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Another term you may know mindfulness as is "Insight" or "Vipassana" meditation.

Ajahn Chah, Jack Kornfield, and many others have written--and I have read--books on mindfulness.

My favorite one is Mindfulness In Plain English by Bhante Gunaratana because the narrative style is direct, simple, detailed, e.g. he talks about what to do if you encounter unpleasant memories from the past or get into a blissful state; what to do when your legs cramp and so on.

His message is delivered with a straightforward and gentle voice--no mention of precepts, gongs or bell ringing, et cetera which some people associate with meditation so much they cannot imagine meditating without these encumbrances, or to some "aids."

I like the advice about being mindful that runs pretty much like this: "Note the experience that comes up, a memory, a plan, a sensation, some kind of desire, then do not follow it; simple return to the breath. Even the 'wow moments,' same thing: Note them, don't get caught up in them, and return to the breath.

Later, Bhante G. and others talk about what to do off the meditation cushion to deal with the Five Hindrances, and the acronym R.A.I.N. helps me:

R - Recognize it (anger, for instance)

A - Accept it (don't repress, justify or deny it to yourself)

I - Investigate it (was the five course meal, for instance, really 'good' when examined, or did it lead to bowel distress; weight gain; a further need for heightened pleasure; loss of money, and so on.)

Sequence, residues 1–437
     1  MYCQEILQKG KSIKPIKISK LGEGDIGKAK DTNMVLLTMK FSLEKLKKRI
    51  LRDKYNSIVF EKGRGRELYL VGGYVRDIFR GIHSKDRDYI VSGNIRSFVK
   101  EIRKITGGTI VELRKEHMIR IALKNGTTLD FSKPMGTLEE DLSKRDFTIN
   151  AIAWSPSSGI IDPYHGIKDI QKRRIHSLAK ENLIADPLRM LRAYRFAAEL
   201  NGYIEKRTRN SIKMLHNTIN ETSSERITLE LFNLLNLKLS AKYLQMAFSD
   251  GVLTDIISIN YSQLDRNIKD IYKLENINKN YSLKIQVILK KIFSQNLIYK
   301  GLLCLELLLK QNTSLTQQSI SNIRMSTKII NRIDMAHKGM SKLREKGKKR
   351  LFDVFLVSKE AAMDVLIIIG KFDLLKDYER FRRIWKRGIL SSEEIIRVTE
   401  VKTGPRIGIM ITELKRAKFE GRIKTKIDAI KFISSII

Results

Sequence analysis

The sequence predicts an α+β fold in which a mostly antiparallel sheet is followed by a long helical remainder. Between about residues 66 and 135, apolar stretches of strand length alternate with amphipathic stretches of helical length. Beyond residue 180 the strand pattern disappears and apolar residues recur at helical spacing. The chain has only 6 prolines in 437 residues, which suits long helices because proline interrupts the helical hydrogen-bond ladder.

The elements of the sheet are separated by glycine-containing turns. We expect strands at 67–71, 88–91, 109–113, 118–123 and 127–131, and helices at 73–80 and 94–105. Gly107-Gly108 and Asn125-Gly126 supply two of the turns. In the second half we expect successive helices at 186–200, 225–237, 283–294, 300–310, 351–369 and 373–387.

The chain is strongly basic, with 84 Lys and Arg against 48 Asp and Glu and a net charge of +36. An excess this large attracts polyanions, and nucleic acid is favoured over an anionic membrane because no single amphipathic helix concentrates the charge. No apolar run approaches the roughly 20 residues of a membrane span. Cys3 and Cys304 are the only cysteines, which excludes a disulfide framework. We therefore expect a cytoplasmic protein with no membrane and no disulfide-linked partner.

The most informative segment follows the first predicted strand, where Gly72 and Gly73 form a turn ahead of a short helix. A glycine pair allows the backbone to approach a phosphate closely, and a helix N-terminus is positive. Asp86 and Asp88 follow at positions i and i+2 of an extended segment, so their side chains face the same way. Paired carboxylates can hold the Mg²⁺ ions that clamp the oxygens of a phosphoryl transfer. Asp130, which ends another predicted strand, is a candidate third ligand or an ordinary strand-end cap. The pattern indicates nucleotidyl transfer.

N - Non-identification (We are not the hindrances. They are part of "the passing show," all grist for the Mindfulness mill. Impermanent: They arise, peak, descend, disperse... and begin again... just as our own breath does.


There is more, and after choosing Vipassanas meditation from all the other types (so many!), I did get the Dhammapada again, which I'd had around 2000 but it didn't resonate for me as it does now. I read a bit from it most every day.

And Metta meditation can be done any time, anywhere:

I do it when I wake up, sometimes throughout the day, and before sleep; it lessens worry and helps me not speak sharply to my husband when I am in pain, and is leading to more growth. (This one I do no matter what, whereas I cannot always sit on my seiza bench or even in a chair and do Vipassana--right now my IT-band and lower back spasms are restricting that.)

Thanks @charlie.elliot for sharing this.
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